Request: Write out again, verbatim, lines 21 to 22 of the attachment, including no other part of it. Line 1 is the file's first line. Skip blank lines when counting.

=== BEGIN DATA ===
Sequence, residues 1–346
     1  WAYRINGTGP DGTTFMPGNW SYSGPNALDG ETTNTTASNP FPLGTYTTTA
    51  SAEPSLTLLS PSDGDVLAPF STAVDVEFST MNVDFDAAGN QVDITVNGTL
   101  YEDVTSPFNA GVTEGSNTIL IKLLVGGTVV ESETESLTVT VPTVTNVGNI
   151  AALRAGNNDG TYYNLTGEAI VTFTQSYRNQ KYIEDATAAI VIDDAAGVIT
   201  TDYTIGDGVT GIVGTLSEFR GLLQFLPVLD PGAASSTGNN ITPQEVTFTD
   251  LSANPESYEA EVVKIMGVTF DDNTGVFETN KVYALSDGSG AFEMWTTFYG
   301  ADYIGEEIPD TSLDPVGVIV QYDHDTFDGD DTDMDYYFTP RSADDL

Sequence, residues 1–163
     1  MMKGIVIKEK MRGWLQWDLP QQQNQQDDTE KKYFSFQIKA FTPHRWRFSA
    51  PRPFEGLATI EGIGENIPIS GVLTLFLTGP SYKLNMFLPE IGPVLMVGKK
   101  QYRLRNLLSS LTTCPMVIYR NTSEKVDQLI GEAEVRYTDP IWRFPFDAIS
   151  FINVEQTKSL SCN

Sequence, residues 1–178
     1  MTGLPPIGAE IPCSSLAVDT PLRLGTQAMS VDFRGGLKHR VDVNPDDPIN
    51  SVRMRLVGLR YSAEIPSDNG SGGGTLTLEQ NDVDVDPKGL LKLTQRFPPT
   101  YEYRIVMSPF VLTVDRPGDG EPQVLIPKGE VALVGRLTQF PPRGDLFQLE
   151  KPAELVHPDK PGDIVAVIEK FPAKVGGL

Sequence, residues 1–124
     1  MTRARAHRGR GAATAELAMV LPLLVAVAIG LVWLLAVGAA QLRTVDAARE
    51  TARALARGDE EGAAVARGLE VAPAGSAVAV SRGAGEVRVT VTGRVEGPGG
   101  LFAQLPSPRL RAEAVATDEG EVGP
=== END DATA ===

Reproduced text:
    51  TARALARGDE EGAAVARGLE VAPAGSAVAV SRGAGEVRVT VTGRVEGPGG
   101  LFAQLPSPRL RAEAVATDEG EVGP